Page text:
Monday, May 14, 2018

MacKinnon, asked to summarize something really, really complex

Interviewer (James R. Hackney, Jr.): The other theoretical approach that is discussed in the two Signs articles is the liberal theory and the deficiencies of liberal feminist theory, which is the dominant paradigm, at least in the United States. What do you find to be the deficiencies in liberal theory vis-à-vis feminist theory, and the general shortcomings of the liberal theoretical approach?
Catharine A. MacKinnon: You know, it is kind of wild to be asked to recapitulate work that it took years and volumes to properly articulate. If it could be explained right in a few sentences, I would have done that in the first place. Anyway, one basic problem is liberal theory's individualized, rather than group-based, approach to issues. And also in law its "let's pretend" methodology, as if we can get where we are going by pretending we are already there and making rules accordingly. A lot of the problems can be traced to Aristotle. Social change was not on his agenda.
James R. Hackney, Jr., Legal Intellectuals in Conversation: Reflections on the Construction of Contemporary American Legal Theory (New York: N.Y.U. Press, 2012), p. 134

Thursday, May 10, 2018

MLK on the Importance (and Limits) of Law

Let us never succumb to the temptation of believing that legislation and judicial decrees play only minor roles in solving this problem ["an evil monster called segregation and its inseparable twin called discrimination"]. Morality cannot be legislated, but behavior can be regulated. Judicial decrees may not change the heart, but they can restrain the heartless. The law cannot make an employer love an employee, but it can prevent him from refusing to hire me because of the color of my skin. The habits, if not the hearts of people, have been and are being altered everyday by legislative acts, judicial decisions, and executive orders. Let us not be misled by those who argue that segregation cannot be ended by force of law.
But acknowledging this, we must admit that the ultimate solution to the race problem lies in the willingness of men to obey the unenforceable. Court orders and federal enforcement agencies are of inestimable value in achieving desegregation, but desegregation is only a partial, though necessary, step toward the final goal which we seek to realize, genuine inter-group and interpersonal living.

Martin Luther King, Jr.,  On Being a Good Neighbor (sermon), p. 10

Tuesday, April 10, 2018

MLK on the Philanthropy & the Big Picture

Philanthropy is marvelous, but it must not cause the philanthropist to overlook the need for working to remove the circumstances of economic injustice which make philanthropy necessary.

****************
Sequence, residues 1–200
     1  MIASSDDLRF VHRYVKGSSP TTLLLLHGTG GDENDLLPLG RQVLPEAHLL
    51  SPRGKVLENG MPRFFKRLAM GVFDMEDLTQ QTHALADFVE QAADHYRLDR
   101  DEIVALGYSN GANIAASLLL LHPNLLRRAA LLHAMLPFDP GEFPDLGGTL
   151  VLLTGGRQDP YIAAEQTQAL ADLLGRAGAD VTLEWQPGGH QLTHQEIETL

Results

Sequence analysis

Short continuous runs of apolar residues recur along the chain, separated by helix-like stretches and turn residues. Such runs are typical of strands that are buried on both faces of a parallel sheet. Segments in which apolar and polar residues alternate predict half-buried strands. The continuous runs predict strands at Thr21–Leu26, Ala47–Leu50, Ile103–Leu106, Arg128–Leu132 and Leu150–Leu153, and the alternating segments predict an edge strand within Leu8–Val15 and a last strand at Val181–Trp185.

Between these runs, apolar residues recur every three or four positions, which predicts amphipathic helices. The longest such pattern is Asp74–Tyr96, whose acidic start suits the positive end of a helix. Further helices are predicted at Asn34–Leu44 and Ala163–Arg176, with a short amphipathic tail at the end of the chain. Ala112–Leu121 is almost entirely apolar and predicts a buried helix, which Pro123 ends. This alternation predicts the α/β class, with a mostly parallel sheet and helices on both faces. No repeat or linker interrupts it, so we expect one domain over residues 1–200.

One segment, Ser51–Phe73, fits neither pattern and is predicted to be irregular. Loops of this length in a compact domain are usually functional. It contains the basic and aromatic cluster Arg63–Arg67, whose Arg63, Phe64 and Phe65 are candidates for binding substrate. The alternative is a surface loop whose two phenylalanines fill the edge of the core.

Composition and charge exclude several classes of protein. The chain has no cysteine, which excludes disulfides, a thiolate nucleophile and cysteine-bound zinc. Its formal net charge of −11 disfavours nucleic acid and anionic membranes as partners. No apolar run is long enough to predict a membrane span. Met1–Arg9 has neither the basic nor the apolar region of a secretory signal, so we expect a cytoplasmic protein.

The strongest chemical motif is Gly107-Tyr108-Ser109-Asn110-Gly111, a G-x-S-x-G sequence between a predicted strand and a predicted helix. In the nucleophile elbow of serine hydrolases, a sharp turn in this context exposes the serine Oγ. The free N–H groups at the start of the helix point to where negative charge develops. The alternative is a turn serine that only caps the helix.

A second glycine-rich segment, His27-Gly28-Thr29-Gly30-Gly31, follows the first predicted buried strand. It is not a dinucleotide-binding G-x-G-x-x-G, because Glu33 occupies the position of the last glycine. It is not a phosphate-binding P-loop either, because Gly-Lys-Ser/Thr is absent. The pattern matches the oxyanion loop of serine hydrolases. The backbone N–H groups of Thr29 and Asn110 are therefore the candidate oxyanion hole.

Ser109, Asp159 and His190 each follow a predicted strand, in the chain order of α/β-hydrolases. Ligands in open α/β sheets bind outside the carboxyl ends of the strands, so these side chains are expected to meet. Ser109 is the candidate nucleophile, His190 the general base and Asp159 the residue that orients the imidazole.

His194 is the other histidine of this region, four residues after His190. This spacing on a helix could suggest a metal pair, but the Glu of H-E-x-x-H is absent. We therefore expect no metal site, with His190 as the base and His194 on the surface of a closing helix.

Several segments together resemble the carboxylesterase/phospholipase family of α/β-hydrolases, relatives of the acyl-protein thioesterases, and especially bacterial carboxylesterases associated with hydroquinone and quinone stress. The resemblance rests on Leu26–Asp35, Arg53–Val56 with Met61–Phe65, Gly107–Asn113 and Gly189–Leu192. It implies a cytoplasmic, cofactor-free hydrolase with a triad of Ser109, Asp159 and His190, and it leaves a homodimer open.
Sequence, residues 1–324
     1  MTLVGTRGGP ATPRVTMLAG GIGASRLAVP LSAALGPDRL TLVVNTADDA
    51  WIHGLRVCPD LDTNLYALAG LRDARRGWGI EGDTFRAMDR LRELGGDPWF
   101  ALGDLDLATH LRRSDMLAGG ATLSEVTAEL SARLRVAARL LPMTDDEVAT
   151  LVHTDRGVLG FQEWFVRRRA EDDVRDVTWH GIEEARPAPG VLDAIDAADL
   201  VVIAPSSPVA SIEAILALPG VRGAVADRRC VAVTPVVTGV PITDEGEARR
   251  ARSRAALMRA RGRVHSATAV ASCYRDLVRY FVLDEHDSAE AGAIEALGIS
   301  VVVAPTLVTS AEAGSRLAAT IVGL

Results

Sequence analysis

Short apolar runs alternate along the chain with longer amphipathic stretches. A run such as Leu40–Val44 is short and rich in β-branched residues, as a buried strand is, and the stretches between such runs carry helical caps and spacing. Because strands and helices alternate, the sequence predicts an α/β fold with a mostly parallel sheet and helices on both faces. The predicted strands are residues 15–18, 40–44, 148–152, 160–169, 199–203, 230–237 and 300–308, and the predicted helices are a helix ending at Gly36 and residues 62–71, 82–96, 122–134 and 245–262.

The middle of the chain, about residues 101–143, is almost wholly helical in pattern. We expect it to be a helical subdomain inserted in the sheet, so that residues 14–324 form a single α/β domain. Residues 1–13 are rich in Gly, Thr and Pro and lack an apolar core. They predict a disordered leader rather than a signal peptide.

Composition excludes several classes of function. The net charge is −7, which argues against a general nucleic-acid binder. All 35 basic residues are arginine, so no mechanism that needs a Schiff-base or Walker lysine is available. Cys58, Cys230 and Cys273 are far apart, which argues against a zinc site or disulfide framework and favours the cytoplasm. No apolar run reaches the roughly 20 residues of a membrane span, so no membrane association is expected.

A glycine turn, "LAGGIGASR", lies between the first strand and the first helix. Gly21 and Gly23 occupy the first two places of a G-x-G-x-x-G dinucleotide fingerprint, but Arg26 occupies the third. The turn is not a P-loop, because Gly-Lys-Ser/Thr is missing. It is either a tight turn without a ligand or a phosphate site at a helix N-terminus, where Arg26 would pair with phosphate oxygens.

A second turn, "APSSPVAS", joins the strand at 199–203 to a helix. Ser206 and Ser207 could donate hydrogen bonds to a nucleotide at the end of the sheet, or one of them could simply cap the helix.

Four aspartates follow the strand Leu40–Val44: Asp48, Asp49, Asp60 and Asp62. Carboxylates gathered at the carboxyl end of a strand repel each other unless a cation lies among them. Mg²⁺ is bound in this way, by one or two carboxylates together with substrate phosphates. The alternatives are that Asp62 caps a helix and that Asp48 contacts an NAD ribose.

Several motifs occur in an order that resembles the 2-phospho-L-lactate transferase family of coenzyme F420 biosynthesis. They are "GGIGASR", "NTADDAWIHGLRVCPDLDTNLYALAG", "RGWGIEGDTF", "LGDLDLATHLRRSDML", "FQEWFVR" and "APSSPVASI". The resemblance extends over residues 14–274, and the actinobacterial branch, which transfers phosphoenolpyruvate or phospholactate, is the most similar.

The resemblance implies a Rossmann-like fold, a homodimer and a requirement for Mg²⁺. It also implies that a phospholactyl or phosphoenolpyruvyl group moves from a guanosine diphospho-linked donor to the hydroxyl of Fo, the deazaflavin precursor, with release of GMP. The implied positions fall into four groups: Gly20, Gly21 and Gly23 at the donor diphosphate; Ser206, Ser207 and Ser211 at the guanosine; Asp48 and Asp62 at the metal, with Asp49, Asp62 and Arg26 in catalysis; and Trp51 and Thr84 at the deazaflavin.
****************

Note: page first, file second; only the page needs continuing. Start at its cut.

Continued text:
Martin Luther King, Jr.,  On Being a Good Neighbor (sermon), p. 5

Thursday, April 5, 2018

MLK Describes "True Altruism"

True altruism is more than the capacity to pity; it is the capacity to sympathize. Pity may represent little more than the impersonal concern which prompts the mailing of a check, but true sympathy is the personal concern which demands the giving of one's soul. Pity may arise from interest in an abstraction called humanity, but sympathy grows out of a concern for "a certain man," a particular needy human being who lies at life's roadside. Sympathy is feeling with the person in need—his pain, agony and burdens.
Martin Luther King, Jr.,  On Being a Good Neighbor (sermon), pp. 7-8

Friday, August 11, 2017

Truman on FBI's secret ops

"We want no Gestapo or Secret Police," President Truman wrote in his diary on May 12 [1945]. "FBI is tending in that direction. They are dabbling in sex-life scandals and plain blackmail . . M. This must stop."
It did not stop.
Tim Weiner, Enemies: A History of the FBI (New York: Random House, 2012), p. 134

Monday, July 31, 2017

FDR's cagey juggling

"You know I am a juggler, and I never let my right hand know what my left hand does," FDR once said of his strategies in statecraft. "I may have one policy for Europe and one diametrically opposite for North and South America. I may be entirely inconsistent, and furthermore I am perfectly willing to mislead and tell untruths if it will help win the war."
Tim Weiner, Enemies: A History of the FBI (New York: Random House, 2012), p. 81

Friday, July 21, 2017

Harding, in a nutshell

"Harding was not a bad man," [Alice Longworth Roosevelt] wrote. "He was just a slob—a slack, good-natured man with an unfortunate disposition to surround himself with intimates of questionable character."
Tim Weiner, Enemies: A History of the FBI (New York: Random House, 2012), p. 52